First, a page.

According to the results of the inaugural Business Barometer: OBG in ASEAN CEO Survey, in which we surveyed business leaders in Indonesia, Malaysia, Myanmar, the Philippines, Thailand and Vietnam, business sentiment is buoyant in the region. This is the first time we have collated our proprietary data from individual ASEAN markets, allowing us to provide commentary and analysis on investor sentiment both across the region and by country. In this edition we have compared the responses of C-suite executives in Thailand with those from the other five ASEAN nations surveyed. For more information on the OBG Business Barometer, please visit www.oxfordbusinessgroup.com/ceosurveys.
What is the outlook of CEOs as Thailand 4.0 gains traction?
Perhaps more than any other emerging ASEAN market, Thailand has succeeded in crafting a coherent blueprint for adaptation to the rapid technological advancements that are transforming lifestyles and professions in very profound ways. In 2016 the government unveiled Thailand 4.0, an overarching vision that aims to develop a vibrant digital economy and ensure the nation is not left behind in the fourth industrial revolution. This is supported by the Eastern Economic Corridor (EEC), a plan to develop the industrial base along the Eastern Seaboard as an integrated hub for advanced manufacturing and high-value services, intended to catalyse some $45bn in investment.
In outlining a national strategy for adaptation to artificial intelligence, robotics, the internet of things, virtual reality and 3D printing, Thailand has pulled ahead of other emerging markets in ASEAN, most of which have been slow to adopt industry 4.0 strategies. However, becoming a high-income, value-based economy will require that investment in education and skills keeps pace with infrastructure and manufacturing development. This would ensure the workforce is equipped with the expertise and mindset to adapt to emerging technologies, supported by an ecosystem conducive to innovation.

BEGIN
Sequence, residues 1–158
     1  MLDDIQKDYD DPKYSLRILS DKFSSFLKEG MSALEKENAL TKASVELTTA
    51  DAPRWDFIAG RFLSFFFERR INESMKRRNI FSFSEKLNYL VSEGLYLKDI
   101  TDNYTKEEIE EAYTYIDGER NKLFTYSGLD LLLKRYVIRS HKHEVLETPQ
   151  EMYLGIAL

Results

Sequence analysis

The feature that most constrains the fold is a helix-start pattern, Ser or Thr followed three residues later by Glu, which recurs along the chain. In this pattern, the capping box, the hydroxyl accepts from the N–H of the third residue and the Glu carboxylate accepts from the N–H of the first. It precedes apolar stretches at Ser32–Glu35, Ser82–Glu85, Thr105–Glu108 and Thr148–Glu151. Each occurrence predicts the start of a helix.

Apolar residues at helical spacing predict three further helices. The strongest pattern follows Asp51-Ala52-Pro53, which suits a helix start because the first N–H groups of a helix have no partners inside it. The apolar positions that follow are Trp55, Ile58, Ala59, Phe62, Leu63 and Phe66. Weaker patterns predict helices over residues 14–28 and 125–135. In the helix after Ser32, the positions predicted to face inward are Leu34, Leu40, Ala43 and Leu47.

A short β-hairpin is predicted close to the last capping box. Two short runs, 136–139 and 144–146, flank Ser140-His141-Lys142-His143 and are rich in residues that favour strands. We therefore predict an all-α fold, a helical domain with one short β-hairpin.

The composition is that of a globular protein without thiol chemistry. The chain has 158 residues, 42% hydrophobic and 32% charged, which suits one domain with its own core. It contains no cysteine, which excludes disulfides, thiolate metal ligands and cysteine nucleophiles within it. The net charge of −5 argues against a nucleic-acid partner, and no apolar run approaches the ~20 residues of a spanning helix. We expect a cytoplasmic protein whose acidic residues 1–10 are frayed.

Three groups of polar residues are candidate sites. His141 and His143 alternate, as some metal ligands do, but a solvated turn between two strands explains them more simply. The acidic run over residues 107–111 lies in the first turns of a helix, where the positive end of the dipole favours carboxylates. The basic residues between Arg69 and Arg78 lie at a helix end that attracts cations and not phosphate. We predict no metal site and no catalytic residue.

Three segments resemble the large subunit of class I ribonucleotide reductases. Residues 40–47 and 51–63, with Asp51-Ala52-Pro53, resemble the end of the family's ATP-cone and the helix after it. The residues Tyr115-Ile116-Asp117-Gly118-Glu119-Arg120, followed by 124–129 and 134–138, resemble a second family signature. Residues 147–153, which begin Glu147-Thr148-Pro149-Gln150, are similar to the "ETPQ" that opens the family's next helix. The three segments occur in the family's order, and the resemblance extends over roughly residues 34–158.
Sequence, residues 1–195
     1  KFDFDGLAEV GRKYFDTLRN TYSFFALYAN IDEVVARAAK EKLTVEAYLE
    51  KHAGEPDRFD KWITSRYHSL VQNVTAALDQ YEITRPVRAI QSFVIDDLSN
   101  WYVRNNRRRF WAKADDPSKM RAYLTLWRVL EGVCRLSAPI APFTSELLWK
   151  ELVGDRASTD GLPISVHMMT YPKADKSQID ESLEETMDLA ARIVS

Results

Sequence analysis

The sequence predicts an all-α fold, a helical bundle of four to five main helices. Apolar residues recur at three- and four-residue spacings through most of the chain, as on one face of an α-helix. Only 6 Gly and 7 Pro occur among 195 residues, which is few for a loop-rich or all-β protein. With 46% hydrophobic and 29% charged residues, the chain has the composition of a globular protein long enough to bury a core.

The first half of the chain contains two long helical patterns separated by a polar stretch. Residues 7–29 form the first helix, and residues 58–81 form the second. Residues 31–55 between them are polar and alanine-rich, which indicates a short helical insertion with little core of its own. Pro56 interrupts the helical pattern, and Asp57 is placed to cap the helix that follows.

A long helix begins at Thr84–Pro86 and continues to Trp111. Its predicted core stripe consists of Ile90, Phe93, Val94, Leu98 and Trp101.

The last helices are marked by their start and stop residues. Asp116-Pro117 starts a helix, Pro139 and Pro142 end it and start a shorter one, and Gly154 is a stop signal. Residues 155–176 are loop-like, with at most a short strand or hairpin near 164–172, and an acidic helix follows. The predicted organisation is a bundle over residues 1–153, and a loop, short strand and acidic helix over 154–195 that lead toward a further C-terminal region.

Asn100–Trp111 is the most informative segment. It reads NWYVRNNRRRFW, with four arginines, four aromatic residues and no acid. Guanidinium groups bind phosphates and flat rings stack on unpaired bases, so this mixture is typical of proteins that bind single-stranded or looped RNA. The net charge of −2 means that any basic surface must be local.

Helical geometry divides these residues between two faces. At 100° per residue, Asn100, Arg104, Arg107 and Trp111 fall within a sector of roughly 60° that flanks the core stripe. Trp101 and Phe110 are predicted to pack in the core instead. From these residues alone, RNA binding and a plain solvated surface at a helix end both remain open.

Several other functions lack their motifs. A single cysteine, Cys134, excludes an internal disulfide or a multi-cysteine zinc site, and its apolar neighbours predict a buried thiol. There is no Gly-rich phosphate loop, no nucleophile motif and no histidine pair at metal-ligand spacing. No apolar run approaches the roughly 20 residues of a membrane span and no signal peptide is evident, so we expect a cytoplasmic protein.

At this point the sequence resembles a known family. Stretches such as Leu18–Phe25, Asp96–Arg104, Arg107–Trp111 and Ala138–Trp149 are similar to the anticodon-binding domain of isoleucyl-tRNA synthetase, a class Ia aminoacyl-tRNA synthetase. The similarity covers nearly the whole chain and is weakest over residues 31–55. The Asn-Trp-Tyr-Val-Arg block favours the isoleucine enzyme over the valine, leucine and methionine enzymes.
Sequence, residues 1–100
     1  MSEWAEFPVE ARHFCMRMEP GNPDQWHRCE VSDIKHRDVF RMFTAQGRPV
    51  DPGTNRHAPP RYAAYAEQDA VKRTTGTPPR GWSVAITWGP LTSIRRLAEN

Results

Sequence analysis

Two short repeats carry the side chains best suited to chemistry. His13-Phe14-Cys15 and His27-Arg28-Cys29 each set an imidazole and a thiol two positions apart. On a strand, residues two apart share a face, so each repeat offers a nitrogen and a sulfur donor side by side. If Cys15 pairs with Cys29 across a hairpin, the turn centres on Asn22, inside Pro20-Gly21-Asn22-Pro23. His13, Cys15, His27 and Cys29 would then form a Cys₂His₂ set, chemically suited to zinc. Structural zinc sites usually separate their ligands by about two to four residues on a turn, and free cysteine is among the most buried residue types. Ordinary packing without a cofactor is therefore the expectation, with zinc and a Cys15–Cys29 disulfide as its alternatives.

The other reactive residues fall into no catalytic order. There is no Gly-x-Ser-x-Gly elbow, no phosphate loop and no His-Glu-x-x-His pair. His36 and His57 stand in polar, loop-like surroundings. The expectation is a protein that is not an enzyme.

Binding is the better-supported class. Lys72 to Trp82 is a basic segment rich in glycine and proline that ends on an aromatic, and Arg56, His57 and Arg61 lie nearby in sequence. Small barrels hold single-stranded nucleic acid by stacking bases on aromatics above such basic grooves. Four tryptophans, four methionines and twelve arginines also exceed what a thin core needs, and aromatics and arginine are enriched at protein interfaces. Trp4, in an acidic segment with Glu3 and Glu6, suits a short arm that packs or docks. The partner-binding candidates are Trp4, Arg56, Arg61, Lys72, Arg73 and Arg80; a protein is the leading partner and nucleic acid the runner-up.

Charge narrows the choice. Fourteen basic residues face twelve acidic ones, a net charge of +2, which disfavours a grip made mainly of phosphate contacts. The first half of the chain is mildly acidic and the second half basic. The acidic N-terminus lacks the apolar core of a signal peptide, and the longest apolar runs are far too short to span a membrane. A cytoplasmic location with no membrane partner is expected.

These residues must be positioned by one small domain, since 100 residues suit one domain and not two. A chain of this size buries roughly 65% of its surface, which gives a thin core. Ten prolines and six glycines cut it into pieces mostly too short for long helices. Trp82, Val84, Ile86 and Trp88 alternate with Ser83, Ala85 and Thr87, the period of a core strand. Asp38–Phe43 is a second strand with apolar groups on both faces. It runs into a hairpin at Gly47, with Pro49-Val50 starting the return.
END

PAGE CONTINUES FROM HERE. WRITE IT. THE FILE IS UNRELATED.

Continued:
In our inaugural Business Barometer: OBG in ASEAN CEO Survey, published in the first quarter of 2018, we collected the data from our CEO surveys across six ASEAN markets into one sample, allowing us to observe regional and national perceptions on key indicators. Recognising that human resources development was a key area of concern in an era of rapid technological change, we asked executives to pinpoint the skills in greatest need in their respective labour markets. Interestingly, the results show Thailand as something of an outlier, with engineering, research and development, and computer technology emerging as the top-three choices for local business leaders. In comparison, leadership was the top choice in the collective sample from the remaining countries: Indonesia, the Philippines, Myanmar, Vietnam and Malaysia. The top-three Thai choices would build the foundations of the high-income, value-based economy envisioned by Thailand 4.0, showing that although the country has outlined a clear vision for the cultivation of next-generation industries, more work is needed to prepare for the coming innovation race.
Favourable Business Environment
A mixed response was observed across countries when it came to direct questions about the business environment. This suggests that despite ongoing efforts towards the harmonisation of laws, standards, regulations and practices, significant development disparities and competing fiscal regimes remain obstacles to the ASEAN Economic Community’s envisaged smooth integration into a cohesive single market and production base.